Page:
Imagen | August

Tired of losing your keys? Don’t worry, technology has come to the rescue once again. Thanks to smartphones we can lock and unlock all kinds of doors with just a touch of a finger. We might be able to rid ourselves of heavy key chains that weigh us down sooner rather than later, and move all of that power into one device.

In Spain there are several companies working on this technology: JustIN, for example, is an application that has been developed by Salto Systems, and lets customers lock and unlock doors from their mobile phones. This app is now being used by the hotel Astoria 7 de San Sebastián, where the reception desk can now ‘send keys’ to guests to download on their smartphones.

Bluetooth-based technologies that ‘provide access’

JustIN’s technology, based on Bluetooth LE, can be adapted to existing locks — reducing the investment needed to switch over to the technology. The app can also speed up the check-in process, saving time for hotel workers.

Other services may require the installation of a special device in the lock. One such example is August, a smart lock that can be controlled from mobile phones. The app allows you to manage permanent keys for family members, as well as temporary keys for guests and domestic services.

Another option is Kevo. If you download the app (available for Android and iOS), you won’t even need to take the phone out of your pocket — the door opens by just touching it to the lock. If you’re still not convinced by these door opening apps, check out the Spanish Lightbee: you point the camera flash to the lock and enter a password, and when the phone starts flashing the door opens.

Meanwhile, at Starwood hotels in the United States, it is now possible to open rooms with an iPhone or iWatch and Bluetooth. The process is identical to JustIN: the key is downloaded to the iPhone, the app tells us the room number, and you don’t even need to check in at the reception desk.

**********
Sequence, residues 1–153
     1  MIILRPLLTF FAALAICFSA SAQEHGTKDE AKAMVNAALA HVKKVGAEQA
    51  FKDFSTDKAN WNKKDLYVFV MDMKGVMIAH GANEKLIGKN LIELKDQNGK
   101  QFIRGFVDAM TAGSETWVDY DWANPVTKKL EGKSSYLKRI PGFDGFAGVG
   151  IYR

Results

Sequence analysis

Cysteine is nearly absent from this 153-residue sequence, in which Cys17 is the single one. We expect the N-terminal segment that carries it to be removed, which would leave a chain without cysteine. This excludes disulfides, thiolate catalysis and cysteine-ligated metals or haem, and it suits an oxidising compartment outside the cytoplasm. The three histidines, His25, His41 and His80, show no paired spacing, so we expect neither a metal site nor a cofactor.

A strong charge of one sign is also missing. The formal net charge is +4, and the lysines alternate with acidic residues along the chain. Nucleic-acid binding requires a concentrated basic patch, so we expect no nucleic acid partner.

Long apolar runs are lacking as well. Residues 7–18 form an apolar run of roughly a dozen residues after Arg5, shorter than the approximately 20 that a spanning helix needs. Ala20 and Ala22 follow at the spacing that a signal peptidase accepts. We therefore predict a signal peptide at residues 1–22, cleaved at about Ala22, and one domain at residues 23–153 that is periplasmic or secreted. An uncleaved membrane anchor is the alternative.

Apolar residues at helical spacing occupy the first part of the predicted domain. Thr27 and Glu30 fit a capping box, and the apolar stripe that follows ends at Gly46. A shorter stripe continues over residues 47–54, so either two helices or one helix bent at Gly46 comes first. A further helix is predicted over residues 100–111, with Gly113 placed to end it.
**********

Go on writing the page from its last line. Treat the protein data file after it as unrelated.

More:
NFC keys

If you don’t like opening locks with a mobile phone, you can do it with something more discreet: the NFC Ring from NFC technology. The Kickstarter sensation  not only unlocks  doors, but also phones.

And don’t forget VingCard, another key that works with this type of technology and is used in many hotels, such as the Porta Firal in Barcelona, which was the official accommodation of MWC in 2013, where iattendees could unlock room doors with their phones. Again, the key is downloaded directly to the phone, which must be swiped across the hotel room door.

‘Keyless’ cars

Hotels, houses, telephones… are we missing anything? Of course, cars, which we have been opening for years now without a physical key. The new Ford EcoSport works with wireless technology. Equipped with a keyless system, it detects the presence of an associated remote control within 1.5 meters and automatically opens the doors. Inside the vehicle, the Ford Power system detects the control and, with the press of a button, starts or stops the engine.

With the application Car2go, available for iOS and Android, it is possible to find, reserve and unlock any car registered with the service. They have a fleet of 12,400 vehicles in 29 cities in Europe, the United States and Canada.

In addition to Car2go, which is preparing to launch in Spain, there are other vehicle services using similar apps in cities such as Barcelona, Seville and Madrid. Those startups, such as Avancar, Respiro or Bluemove are making a large number of vehicles available that can be opened directly with the app or with a special card.

Companies and individuals are using these convenient new technologies that also raise some new questions. For example, what if the phone runs out of battery? Will you have to sleep outside? Precautions also need to be taken against theft or loss. These are interesting dilemmas that only time will answer.